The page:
Report: Social Security overpaid disability benefits by $17B
WASHINGTON (AP) — Social Security overpaid disability beneficiaries by nearly $17 billion over the past decade, a government watchdog said Friday, raising alarms about the massive program just as it approaches the brink of insolvency.
Many payments went to people who earned too much money to qualify for benefits, or to those no longer disabled. Payments also went to people who had died or were in prison.
In all, nearly half of the 9 million people receiving disability payments were overpaid, according to the results of a 10-year study by the Social Security Administration's inspector general.
Social Security was able to recoup about $8.1 billion, but it often took years to get the money back, the study said.
"Every dollar misallocated is a dollar lost for those who truly need it most," said Sen. Orrin Hatch, R-Utah, chairman of the Senate Finance Committee. "Today's report shows the inability of the Social Security Administration to properly safeguard payments, which has no doubt contributed to speeding the fund toward exhaustion."
The trust fund that supports Social Security's disability program is projected to run out of money late next year, triggering automatic benefit cuts, unless Congress acts. The looming deadline has lawmakers feuding over a solution that may have to come in the heat of a presidential election.
The program's financial problems go beyond the issue of overpayments — Social Security disability has paid out more in benefits than it has collected in payroll taxes every year for the past decade. But concerns about waste, fraud and abuse are complicating the debate in Congress over how to address the program's larger financial problems.
A spokesman for the Social Security Administration said the agency has a high accuracy rate for its payments and a comprehensive debt collection program for overpayments.
"Social Security provides services to over 48 million retirement and survivors beneficiaries and about 15 million disability beneficiaries," Social Security spokesman Mark Hinkle said in an email. "The agency will issue nearly $1 trillion in payments this year. For fiscal year 2013 — the last year for which we have complete data — approximately 99.8 percent of all Social Security payments were free of overpayment, and nearly 99.9 percent were free of underpayment."
"That same year, we also achieved high levels of payment accuracy in the (Supplemental Security Income) program despite the inherent complexities in calculating monthly payments due to beneficiaries' income and resource fluctuations and changes in living arrangements," Hinkle said.
The inspector general's office examined a randomly selected sample of 1,532 people who were receiving either Social Security disability or Supplemental Security Income in October 2003. SSI is a separately-funded disability program for the poor.
Auditors followed the group for 10 years, until February 2014. They determined that 45 percent of the beneficiaries were overpaid at some point during that period. The overpayments totaled $2.9 million, the study said.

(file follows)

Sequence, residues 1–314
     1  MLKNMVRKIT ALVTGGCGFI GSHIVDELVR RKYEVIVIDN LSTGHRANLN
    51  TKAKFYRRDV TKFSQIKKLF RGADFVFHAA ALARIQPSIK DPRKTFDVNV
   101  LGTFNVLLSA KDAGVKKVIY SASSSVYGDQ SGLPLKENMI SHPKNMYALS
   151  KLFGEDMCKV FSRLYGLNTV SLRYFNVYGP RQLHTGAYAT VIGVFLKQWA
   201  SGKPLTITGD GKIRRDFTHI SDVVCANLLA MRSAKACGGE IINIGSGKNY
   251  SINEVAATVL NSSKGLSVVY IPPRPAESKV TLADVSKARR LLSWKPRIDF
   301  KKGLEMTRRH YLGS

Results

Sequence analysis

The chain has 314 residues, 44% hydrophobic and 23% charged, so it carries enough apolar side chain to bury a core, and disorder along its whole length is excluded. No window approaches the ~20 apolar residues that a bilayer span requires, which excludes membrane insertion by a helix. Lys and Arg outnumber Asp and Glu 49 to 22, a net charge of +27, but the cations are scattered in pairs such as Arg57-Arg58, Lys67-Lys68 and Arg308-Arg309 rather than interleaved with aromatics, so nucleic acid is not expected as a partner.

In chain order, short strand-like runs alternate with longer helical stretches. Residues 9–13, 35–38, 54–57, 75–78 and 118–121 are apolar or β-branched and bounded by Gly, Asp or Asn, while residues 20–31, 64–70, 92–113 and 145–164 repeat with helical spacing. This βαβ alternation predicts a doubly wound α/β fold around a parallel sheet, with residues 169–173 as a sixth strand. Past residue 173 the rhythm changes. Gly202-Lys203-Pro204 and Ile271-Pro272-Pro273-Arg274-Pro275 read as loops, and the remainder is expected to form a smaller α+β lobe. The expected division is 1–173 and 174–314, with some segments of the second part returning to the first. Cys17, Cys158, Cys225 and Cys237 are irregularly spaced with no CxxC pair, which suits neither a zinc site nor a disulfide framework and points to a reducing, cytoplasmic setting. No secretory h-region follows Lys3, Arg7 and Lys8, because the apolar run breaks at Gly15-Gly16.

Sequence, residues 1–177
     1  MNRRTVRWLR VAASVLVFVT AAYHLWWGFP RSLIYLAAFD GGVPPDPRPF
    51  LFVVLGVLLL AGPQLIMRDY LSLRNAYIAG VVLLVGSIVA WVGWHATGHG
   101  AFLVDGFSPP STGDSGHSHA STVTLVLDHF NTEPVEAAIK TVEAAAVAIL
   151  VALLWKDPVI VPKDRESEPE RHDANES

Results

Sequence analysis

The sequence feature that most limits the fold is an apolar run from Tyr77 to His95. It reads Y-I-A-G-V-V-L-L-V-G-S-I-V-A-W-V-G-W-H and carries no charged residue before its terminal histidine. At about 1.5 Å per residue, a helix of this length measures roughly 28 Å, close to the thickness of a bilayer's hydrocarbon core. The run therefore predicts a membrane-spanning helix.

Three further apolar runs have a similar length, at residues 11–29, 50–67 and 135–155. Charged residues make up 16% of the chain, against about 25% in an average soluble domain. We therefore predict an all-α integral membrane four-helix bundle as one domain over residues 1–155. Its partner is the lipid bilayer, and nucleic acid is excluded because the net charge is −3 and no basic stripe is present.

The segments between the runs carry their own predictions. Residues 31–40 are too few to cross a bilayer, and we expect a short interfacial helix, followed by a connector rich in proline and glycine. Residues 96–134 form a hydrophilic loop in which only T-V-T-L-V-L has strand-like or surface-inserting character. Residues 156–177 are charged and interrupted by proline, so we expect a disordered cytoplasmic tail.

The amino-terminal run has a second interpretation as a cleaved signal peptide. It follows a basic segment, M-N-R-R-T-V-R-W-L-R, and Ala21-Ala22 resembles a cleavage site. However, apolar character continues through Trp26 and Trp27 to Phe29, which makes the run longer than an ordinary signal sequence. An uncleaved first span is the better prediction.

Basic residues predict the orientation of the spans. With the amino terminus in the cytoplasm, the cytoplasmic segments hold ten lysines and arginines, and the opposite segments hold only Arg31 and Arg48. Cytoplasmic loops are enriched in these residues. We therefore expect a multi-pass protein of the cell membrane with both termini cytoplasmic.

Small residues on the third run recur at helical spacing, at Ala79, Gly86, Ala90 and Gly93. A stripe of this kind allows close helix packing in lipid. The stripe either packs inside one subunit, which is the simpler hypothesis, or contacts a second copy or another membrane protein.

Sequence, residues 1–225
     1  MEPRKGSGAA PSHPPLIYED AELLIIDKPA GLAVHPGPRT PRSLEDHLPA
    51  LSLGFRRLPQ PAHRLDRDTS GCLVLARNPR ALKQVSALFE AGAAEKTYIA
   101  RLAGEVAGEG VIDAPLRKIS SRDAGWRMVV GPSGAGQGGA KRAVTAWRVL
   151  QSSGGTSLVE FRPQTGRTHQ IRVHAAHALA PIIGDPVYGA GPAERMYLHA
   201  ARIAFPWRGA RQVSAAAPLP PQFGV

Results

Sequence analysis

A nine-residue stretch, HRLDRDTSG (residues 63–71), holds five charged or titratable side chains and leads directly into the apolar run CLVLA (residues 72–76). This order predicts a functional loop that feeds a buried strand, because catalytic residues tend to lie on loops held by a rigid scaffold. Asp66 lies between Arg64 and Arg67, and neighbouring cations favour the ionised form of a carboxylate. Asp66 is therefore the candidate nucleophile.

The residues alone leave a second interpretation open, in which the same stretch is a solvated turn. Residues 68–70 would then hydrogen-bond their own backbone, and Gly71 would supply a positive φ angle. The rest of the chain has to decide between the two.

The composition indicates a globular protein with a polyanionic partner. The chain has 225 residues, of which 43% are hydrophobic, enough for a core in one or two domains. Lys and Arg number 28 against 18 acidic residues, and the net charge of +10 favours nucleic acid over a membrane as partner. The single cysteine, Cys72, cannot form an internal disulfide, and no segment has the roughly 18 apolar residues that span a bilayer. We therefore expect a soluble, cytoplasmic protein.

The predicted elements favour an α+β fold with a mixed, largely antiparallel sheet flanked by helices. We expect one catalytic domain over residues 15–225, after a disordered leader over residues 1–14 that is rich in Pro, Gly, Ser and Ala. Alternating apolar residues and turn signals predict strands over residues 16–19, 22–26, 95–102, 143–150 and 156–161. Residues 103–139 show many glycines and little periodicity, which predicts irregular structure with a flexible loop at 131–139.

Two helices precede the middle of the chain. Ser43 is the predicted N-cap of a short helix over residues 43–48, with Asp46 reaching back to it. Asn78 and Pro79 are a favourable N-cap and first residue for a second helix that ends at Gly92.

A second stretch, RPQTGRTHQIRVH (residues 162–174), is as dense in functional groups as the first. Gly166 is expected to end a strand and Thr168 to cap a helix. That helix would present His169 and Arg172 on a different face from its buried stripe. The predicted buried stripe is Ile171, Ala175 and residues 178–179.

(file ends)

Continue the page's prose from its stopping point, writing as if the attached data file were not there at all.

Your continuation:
They used the results to estimate that Social Security made a total of $16.8 billion in overpayments during the 10-year period.
The study concluded that "the agency could do more to prevent the most common overpayments."
One man was convicted of fraud in 2005 while he was getting benefits under his father's Social Security number. Minors can do this if they have legitimate disabilities, though this man was found to be working and hiding his income, the study said.
A judge ordered him to repay nearly $18,000. He repaid $550, the study said.
In 2013, Social Security approved a new disability claim for the man, under his Social Security number. The agency is supposed to withhold part of his payments while he repays the old debt. But the agency never did because he was receiving the new benefits under a different Social Security number, the report said.
Congress has been looking into Social Security's disability programs for years. Democrats note that the programs help keep millions of disabled workers and their families out of poverty. Republicans have mostly focused on waste, fraud and abuse.
In January, Sen. Rand Paul, R-Ky., criticized the federal government for not doing an adequate job policing a system he says needs reform. Paul, who is running for the Republican nomination for president, joked that "half the people on disability are either anxious or their back hurts."
"Join the club," Paul said. "Everybody over 40 has a back pain."
Advocacy groups called the remarks offensive.
Social Security paid out $142 billion in disability benefits last year. Unless Congress acts, the trust fund that supports the disability program will run dry sometime during the final three months of 2016, according to projections by the trustees who oversee Social Security. At that point, the program will collect only enough payroll taxes to pay 81 percent of benefits.
That would trigger an automatic 19 percent cut in benefit payments. The average monthly payment for a disabled worker is $1,165, or about $14,000 a year.
An easy fix is available. Congress could redirect payroll tax revenue from Social Security's much larger retirement program, as lawmakers have done before. But Republicans in Congress are balking, saying they want to address the program's long-term finances.
About 11 million disabled workers, children and spouses currently receive Social Security disability benefits. About 8.3 million people receive Supplemental Security Income, which is funded separately, through the government's general revenues.
SSI paid out about $54 billion in benefits last year.
Social Security: http://www.ssa.gov/disability
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